St. John Chrysostom, I am told, said that the floor of hell is carpeted with the skulls of priests. I have never located the source. Nonetheless, when we hear our Lord’s words about millstones and those who deserve them, and we hear his words about “to whom much is given” et cetera, it seems that some—no, a great deal—of trembling is in order. Priests, especially, should be terrified by these admonitions. The opportunities for either spectacular glory (not the world’s kind) or spectacular peril (also not the world’s kind) confront, each and every day, every single ordained man of the Catholic Church. A good sign that a priest grasps the reality of his responsibility and the price of failure is that he makes a holy hour before the Blessed Sacrament each day.
And the Catholic laity must, must, must pray for priests every single day. The devil hates priests. He wants nothing more than to hand them over simultaneously to the disdain of the world and to the eternal pains of hell. Satan does not tire. Reports of the moral failings of clergy, from parish priests to princes of the Church, continue to embarrass the Church and discourage the faithful, and they remind us of our obligation to pray for priests, for their sake, and for the sake of those whose lives they touch for better or for ill, the seen and the unseen.
In all the chaos of disgraced cardinals on both sides of the Atlantic, you may have missed the unhappy news that a well respected and very well placed member of the clergy of an important East Coast diocese was accused a month or so ago of running a nationwide operation that peddled illegal methamphetamines. Also, he has been accused of laundering the money from said sales in a shop that vends devices designed to facilitate the practice of deviance. Alas, the charges continue: This priest is alleged to have indulged in these selfsame deviances in the company of other men in his rectory.
(I do not provide a link to the story for the very reason that even by mentioning it I risk provoking the fallen appetite for prurience that St. Augustine called “lust of the eyes” that has been exponentially exacerbated by the Internet.)
Should the sordid tale prove not to be a giant misunderstanding, it will be another terrible scandal the Church will have to bear and one that will shake the faith of who can say how many Catholics.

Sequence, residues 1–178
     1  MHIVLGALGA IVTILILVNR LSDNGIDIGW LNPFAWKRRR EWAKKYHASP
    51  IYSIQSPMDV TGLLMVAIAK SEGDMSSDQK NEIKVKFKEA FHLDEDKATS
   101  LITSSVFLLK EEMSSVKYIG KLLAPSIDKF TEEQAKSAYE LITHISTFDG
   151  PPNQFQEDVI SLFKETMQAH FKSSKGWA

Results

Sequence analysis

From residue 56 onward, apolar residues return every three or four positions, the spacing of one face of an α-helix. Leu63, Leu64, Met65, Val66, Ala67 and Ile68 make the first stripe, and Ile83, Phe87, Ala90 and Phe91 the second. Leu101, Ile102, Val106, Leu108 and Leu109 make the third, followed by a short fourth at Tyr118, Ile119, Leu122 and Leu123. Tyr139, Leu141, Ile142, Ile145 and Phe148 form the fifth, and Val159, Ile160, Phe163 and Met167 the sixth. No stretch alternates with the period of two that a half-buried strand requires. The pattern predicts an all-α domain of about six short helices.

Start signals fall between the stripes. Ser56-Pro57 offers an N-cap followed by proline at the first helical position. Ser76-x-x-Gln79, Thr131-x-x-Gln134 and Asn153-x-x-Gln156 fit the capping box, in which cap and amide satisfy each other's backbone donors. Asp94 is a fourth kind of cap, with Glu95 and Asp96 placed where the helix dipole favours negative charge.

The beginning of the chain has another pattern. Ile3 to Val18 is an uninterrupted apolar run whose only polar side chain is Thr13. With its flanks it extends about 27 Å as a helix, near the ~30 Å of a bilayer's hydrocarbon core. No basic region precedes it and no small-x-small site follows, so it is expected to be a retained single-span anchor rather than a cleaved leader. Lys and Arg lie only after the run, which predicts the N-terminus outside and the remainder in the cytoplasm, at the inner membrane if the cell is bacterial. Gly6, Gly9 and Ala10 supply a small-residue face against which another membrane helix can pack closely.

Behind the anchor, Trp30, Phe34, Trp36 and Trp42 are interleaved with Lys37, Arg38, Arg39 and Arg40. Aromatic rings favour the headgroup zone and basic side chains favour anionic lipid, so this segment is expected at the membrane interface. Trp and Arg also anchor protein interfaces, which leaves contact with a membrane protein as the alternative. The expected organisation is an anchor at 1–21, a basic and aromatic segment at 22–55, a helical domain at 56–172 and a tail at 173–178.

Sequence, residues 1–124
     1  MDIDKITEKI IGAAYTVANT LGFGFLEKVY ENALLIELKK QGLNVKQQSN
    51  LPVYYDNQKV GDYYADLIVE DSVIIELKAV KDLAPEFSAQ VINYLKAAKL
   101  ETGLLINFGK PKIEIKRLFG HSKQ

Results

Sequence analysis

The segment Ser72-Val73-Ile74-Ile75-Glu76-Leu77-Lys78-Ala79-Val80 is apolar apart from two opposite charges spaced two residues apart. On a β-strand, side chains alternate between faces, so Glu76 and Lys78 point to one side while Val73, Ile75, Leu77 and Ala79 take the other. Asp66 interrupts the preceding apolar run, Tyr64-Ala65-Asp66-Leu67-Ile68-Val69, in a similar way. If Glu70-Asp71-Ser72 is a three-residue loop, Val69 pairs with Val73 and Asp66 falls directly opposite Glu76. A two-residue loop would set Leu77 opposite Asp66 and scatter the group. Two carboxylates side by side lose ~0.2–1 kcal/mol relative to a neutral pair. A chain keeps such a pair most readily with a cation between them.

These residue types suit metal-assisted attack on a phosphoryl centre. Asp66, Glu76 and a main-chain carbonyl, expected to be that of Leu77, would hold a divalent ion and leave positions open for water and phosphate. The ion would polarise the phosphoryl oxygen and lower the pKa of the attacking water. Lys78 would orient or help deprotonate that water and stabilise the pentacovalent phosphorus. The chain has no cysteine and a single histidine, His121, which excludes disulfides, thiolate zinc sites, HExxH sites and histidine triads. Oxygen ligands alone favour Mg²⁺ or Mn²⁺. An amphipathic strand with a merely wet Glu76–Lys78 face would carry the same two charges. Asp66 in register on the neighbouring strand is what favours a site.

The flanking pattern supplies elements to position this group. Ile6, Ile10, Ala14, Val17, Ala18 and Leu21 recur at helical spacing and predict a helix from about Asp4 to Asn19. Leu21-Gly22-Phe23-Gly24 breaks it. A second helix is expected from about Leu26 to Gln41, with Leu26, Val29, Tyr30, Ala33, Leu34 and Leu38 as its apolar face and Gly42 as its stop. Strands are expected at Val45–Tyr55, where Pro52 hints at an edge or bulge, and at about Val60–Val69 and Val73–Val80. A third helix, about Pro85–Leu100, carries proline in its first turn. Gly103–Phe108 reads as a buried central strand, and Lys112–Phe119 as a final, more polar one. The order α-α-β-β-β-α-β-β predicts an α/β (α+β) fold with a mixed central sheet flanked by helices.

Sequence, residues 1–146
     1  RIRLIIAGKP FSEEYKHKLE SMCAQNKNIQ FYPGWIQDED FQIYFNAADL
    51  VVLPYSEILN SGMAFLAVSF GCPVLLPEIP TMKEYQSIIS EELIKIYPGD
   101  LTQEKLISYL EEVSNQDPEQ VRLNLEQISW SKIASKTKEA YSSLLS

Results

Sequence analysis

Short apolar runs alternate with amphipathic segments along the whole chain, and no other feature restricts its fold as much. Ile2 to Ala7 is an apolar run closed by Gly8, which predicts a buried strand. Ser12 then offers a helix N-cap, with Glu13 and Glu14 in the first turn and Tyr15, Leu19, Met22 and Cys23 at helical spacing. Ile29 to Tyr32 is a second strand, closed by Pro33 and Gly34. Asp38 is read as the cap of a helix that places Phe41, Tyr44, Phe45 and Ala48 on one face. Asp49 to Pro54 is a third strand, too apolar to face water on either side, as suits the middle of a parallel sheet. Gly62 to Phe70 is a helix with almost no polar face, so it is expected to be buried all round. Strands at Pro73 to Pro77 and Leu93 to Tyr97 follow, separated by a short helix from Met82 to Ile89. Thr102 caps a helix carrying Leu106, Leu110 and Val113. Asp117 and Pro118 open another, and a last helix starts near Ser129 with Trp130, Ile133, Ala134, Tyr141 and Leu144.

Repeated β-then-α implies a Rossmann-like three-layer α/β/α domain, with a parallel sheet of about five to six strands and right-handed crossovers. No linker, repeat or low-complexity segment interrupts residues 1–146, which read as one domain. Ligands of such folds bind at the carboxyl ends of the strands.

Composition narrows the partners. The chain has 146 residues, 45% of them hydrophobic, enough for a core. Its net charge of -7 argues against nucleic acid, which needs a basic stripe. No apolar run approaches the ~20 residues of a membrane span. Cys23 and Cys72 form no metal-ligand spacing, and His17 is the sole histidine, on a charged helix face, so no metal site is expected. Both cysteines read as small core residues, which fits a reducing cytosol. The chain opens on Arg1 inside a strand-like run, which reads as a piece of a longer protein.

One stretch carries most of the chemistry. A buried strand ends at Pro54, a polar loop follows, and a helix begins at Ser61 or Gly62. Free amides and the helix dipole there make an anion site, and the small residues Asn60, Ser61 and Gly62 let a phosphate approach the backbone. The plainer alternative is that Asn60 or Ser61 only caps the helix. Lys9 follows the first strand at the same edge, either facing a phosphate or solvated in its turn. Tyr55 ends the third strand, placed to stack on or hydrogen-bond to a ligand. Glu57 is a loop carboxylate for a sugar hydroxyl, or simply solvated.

When I hear stories like this one, my go-to line is usually Belloc’s observation that the proof that the Catholic Church is a divine institution is that since the Crucifixion she has been thriving in spite ofthe shortcomings of those to whom our Lord entrusted her care. Nonetheless, this particular priest’s alleged behavior is disheartening. The debauchery of Pope Alexander VI, for example, who kept a few mistresses and arranged for positions for the children he sired, seems mild alongside our own age’s deviance.
Making matters more discouraging is that, in a very real sense, clerical deviance and its immediate victims are really the tip of the iceberg. In the case of the meth-dealing priest, his position, influence, and stature in his diocese cannot help but mean that the harm he caused is greater than we know. He was secretary to two bishops, and rector of the cathedral. It is anybody’s guess how much unseen damage this man did from these positions of diocesan authority. How many good priests did he prevent from becoming pastors? How many heretics did he see appointed to the diocesan schools? How much irreverent liturgy did he cause or permit, and how much good liturgy did he hinder? How many good vocations did he discourage?
How many souls did not get sound Catholic teaching or solid spiritual direction because of this priest? We really have no idea of the spiritualwreckage in the wake of this man’s career.
Pray for the victims of clerical sexual abuse. Pray for the priests whose transgressions have caused so much harm. Pray for the ordinaries who either deliberately concealed or turned a blind eye to the sins of their clergy.
And pray for the Catholics, whose number is known only to God, who suffered—some in ignorance, some in painfully acute awareness—the deception, scheming, irreverence, and heresy of clergy whose intellects and wills, intended for the service of God, were disfigured by their horrifying sins.
By Christopher Check